Habana Labs' Linux AI Driver Causes More Concerns - Changes Dropped Ahead Of Linux 5.15

Written by Michael Larabel in Hardware on 23 August 2021 at 03:00 AM EDT. 14 Comments
While Habana Labs has been known for their open-source and upstream Linux kernel driver for their AI training/inference accelerators with that code they had been working on as a start-up even before being acquired by Intel, it's continued to cause friction that they rely in user-space on closed-source components like their compiler. That in turn is again causing problems for changes that the Habana Labs kernel driver planned to land with the upcoming Linux 5.15 cycle.

This past Thursday the Habana Labs pull request of driver updates was submitted to "char/misc" for queuing ahead of the Linux 5.15 merge window opening in a week or so. For the lack of an AI/accelerator subsystem yet, the Habana Labs kernel driver continues to live within the "catch all" char/misc area of the kernel.

That pull request introduced a new API for user-space to export as a DMA-BUF object, allow waiting on multiple command submissions, state dumping support for debugging, and a variety of other changes. But it's the changes around DMA-BUF that ended up opening a can of worms.

Greg Kroah-Hartman as the char/misc maintainer pulled the Habana Labs driver changes into his "-next" Git code ahead of the Linux 5.11 merge window. However, DRM subsystem maintainer David Airlie "NAK'ed" [not acknowledge] the code. He objected to this code being queued up for merging on the basis of the DMA-BUF/P2P changes.
We are opening a major can of worms (some would say merging habanalabs driver opened it), but this places us in the situation that if a GPU vendor just claims their hw is a "vector" accelerator they can use Greg to bypass all the work that been done to ensure we have maintainability long term. I don't want drivers in the tree using dma-buf to interact with other drivers when we don't have access to a userspace project to validate the kernel driver assumptions.

Ultimately the issue stems from DRM/graphics kernel drivers requiring open-source user-space software to exercise all exposed user-space APIs by kernel drivers. This has proven to be beneficial for testing purposes, code maintainability, and ensuring users aren't locked in to using closed-source software in user-space in order to enjoy some kernel driver feature, etc. But in the case of the Habana Labs driver, it lives elsewhere in the kernel (char/misc) and lacks a proper open-source user-space solution while wanting to use code around what is expected of the DRM kernel drivers (DMA-BUF).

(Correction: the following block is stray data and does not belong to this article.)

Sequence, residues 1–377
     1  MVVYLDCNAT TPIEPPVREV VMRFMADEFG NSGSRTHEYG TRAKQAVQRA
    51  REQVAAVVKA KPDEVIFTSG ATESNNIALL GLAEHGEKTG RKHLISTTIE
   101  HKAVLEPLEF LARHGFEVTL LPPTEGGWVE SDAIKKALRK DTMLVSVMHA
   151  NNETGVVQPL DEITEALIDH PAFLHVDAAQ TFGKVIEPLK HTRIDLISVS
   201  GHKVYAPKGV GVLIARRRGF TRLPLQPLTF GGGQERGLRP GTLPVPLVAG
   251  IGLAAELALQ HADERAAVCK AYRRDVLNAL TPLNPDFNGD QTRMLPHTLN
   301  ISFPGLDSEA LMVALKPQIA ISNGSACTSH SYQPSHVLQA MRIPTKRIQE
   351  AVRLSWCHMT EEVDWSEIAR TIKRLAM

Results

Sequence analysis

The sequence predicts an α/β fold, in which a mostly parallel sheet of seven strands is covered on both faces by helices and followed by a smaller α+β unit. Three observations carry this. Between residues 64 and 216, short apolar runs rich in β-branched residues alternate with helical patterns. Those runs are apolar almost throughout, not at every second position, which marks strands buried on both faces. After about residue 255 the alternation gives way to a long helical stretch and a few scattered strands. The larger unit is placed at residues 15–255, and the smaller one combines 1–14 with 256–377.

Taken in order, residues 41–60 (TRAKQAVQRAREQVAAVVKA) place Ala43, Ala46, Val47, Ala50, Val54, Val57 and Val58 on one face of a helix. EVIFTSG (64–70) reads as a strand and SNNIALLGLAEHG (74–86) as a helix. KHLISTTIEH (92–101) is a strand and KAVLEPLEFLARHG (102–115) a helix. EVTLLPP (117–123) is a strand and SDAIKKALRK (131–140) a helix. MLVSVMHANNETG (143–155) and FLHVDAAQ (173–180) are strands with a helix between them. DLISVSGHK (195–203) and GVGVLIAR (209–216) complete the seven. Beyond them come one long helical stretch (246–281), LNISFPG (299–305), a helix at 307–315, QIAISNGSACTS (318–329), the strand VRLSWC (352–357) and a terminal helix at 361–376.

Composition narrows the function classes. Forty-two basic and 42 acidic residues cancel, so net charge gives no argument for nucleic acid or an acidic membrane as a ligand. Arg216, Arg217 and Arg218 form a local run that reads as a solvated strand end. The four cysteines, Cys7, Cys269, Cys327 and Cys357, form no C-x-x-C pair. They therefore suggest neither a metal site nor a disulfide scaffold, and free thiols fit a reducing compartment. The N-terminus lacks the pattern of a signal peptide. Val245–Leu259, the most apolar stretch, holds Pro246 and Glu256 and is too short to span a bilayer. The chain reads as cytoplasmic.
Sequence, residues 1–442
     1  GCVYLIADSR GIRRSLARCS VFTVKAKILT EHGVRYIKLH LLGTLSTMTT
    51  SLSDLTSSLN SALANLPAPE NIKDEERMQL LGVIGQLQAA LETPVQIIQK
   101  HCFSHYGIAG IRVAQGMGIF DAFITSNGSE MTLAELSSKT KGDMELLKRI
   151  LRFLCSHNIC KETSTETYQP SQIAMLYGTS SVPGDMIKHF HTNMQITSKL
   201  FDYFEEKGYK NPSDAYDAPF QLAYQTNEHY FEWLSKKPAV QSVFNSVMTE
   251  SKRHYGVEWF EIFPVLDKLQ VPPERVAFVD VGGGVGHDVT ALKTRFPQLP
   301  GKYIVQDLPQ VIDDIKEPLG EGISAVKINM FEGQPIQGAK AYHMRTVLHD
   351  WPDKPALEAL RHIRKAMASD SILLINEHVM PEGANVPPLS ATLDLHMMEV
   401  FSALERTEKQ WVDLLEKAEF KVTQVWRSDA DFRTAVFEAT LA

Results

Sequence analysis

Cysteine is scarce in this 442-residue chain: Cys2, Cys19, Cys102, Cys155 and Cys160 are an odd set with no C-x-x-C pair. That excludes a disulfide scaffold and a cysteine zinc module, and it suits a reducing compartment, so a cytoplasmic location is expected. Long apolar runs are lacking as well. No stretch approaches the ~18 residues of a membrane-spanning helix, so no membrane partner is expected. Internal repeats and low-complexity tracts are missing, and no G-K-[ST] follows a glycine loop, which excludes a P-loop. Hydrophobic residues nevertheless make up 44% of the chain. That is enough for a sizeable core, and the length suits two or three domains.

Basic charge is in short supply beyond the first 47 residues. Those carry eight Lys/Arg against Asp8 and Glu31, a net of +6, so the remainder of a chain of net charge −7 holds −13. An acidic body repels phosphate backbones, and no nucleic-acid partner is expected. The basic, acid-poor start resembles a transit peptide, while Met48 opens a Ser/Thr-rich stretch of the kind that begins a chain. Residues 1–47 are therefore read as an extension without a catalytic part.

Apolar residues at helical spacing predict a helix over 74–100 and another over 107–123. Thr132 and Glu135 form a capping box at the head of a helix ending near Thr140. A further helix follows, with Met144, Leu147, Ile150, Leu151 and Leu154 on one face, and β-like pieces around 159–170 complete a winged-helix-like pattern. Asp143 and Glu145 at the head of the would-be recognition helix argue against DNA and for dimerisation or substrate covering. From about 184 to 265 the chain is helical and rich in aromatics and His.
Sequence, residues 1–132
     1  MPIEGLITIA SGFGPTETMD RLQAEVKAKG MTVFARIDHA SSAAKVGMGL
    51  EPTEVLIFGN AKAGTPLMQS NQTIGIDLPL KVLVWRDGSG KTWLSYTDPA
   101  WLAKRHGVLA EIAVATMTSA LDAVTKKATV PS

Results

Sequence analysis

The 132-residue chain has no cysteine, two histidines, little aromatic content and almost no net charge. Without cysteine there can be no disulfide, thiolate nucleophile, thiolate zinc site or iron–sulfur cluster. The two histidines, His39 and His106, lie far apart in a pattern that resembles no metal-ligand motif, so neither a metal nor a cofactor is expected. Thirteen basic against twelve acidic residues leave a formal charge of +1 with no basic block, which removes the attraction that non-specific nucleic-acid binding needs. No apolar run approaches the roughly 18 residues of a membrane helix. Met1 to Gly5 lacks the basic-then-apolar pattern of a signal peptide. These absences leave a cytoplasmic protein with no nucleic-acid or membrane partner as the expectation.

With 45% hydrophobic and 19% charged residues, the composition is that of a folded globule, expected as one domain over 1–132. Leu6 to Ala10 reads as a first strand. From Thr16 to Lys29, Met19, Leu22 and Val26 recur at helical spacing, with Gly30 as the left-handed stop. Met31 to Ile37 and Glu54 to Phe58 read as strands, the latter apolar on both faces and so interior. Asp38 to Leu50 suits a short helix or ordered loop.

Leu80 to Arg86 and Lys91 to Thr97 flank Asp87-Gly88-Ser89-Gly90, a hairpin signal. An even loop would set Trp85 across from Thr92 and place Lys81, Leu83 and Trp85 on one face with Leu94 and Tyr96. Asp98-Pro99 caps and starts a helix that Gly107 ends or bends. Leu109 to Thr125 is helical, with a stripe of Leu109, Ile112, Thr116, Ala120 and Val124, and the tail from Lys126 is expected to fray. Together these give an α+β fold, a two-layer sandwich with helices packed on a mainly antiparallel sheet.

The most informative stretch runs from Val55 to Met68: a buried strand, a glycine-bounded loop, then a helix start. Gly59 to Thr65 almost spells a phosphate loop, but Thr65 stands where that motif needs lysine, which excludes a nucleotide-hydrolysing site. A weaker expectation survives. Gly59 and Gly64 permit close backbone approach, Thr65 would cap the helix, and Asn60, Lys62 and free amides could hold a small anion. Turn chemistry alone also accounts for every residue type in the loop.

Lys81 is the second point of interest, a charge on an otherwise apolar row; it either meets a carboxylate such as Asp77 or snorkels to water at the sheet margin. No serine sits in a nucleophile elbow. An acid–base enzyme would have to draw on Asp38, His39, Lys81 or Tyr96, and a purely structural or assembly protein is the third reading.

Thus DRM (co-)maintainer David Airlie pushed back against these changes that would allow the DMA-BUF/peer-to-peer support due to the user-space source requirements. This issue with Habana Labs' kernel driver was previously talked about in The Growing Number Of AI Accelerator Drivers Reignites Linux Kernel Driver Debate.

Greg already removed the Habana Labs kernel driver changes that were slated for Linux 5.15. We'll see if a new pull request comes in with all the changes but the DMA-BUF/P2P work.

DRM co-maintainer and maintainer of the Intel kernel graphics driver, Daniel Vetter, also agreed with David Airlie's objections. So while Habana Labs is now owned by Intel, there is still more work to do and ideally seeing a fully open-source user-space solution for their AI accelerators.... We'll see if/when that happens given the competitiveness in this space even though Intel normally is quite open with their code.
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Michael Larabel is the principal author of Phoronix.com and founded the site in 2004 with a focus on enriching the Linux hardware experience. Michael has written more than 20,000 articles covering the state of Linux hardware support, Linux performance, graphics drivers, and other topics. Michael is also the lead developer of the Phoronix Test Suite, Phoromatic, and OpenBenchmarking.org automated benchmarking software. He can be followed via Twitter, LinkedIn, or contacted via MichaelLarabel.com.

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